Book Report: The Making of the Old Testament edited by Enid B. Mellor (1972)

Book coverI picked this book up from the free book cart at church; it has the name of our former pastor’s father in it, which probably means that this book has made it through two trips through the seminary before coming to rest on my read shelves. I picked the book up and started reading it before a service where my beautiful wife was early to warm up either her horn or her pipes, and it (the book, not her horn) never landed on my to-read shelves. Although it did take me a while to go through it as it was lost in the car or a bag for a couple of weeks, and later I left it at a different campus of the church after arriving early so my wife could practice with the choir before a cantata, and I stuck it under my chair (the newer campus does not have pews) and forgot it after the cantata. So that’s a nice story. Have you noticed I’ve stopped stuttering?

This book, one of a series, collects a number of essays/papers on the history of the Old Testament. It talks about how some of the stories match or mirror stories in other Mesopotamian cultures (such as the flood story appearing, for example, in the the epic of Gilgamesh). It talks about different kinds of Jewish literature, including poetry forms and wisdom literature. It talks about other books that do not appear in the official canon, but how they inform it a bit. They talk about the Septuagint (the translation of the Jewish canon into Greek) and how it influenced the Jewish canon itself (and the canon that would be part of the Christian bible).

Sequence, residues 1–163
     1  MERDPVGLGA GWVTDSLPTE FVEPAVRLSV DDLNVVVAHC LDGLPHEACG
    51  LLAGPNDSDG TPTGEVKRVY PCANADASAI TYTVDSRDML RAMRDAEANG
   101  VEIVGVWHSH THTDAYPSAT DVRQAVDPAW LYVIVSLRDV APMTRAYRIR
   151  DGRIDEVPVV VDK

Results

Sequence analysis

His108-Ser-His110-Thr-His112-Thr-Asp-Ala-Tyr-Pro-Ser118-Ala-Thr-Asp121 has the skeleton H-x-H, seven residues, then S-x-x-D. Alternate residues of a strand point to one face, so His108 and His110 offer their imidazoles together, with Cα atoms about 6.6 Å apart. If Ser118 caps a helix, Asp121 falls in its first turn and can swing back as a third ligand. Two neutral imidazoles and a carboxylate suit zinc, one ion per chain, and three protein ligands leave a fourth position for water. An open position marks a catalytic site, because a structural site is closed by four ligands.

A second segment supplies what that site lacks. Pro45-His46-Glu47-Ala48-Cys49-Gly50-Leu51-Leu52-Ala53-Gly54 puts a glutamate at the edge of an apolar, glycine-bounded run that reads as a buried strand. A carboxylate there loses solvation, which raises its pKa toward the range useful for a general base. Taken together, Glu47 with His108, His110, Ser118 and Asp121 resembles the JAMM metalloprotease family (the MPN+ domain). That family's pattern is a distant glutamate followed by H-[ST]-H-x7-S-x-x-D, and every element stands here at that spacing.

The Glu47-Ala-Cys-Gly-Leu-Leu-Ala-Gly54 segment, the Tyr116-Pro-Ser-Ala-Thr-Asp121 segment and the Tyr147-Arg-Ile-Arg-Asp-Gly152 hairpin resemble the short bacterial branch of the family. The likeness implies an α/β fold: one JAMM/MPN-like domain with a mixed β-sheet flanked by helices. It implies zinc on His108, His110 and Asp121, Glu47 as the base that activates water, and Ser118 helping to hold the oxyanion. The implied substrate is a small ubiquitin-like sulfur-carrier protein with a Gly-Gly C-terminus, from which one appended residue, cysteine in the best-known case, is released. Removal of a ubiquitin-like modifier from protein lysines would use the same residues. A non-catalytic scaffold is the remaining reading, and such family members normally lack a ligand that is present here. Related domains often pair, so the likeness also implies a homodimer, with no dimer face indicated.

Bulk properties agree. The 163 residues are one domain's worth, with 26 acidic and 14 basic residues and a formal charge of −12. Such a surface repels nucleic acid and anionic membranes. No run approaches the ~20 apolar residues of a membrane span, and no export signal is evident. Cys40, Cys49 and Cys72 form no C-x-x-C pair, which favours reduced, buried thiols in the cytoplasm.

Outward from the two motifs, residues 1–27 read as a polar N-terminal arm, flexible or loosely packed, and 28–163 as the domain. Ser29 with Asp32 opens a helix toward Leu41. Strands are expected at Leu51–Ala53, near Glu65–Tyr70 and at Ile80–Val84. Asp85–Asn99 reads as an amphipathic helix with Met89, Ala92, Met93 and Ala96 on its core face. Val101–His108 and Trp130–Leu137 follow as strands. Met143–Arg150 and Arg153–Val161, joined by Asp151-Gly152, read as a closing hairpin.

The book is part history, part literary criticism (it talks a bit about how different types of literary criticism and interpretation have informed the canon) as well as part theological practice as it talks about both Jewish and Christian worship uses the various parts of the Old Testament.

So I ate it up, of course. I find this sort of material fascinating (see also On The History of the Bible: The Making of the New Testament Canon and On Lost Christianities: Christian Scriptures and the Battles over Authentication by Professor Bart D. Ehrman (2002)). Sometimes I almost wish I studied this rather than read it and forgot most of it soon after (although the same is probably true of things that I studied in college). Have I ever told you that I was almost a triple major in college, including theology with the English and Philosophy? No? I’d say it’s a long story, but it is not.

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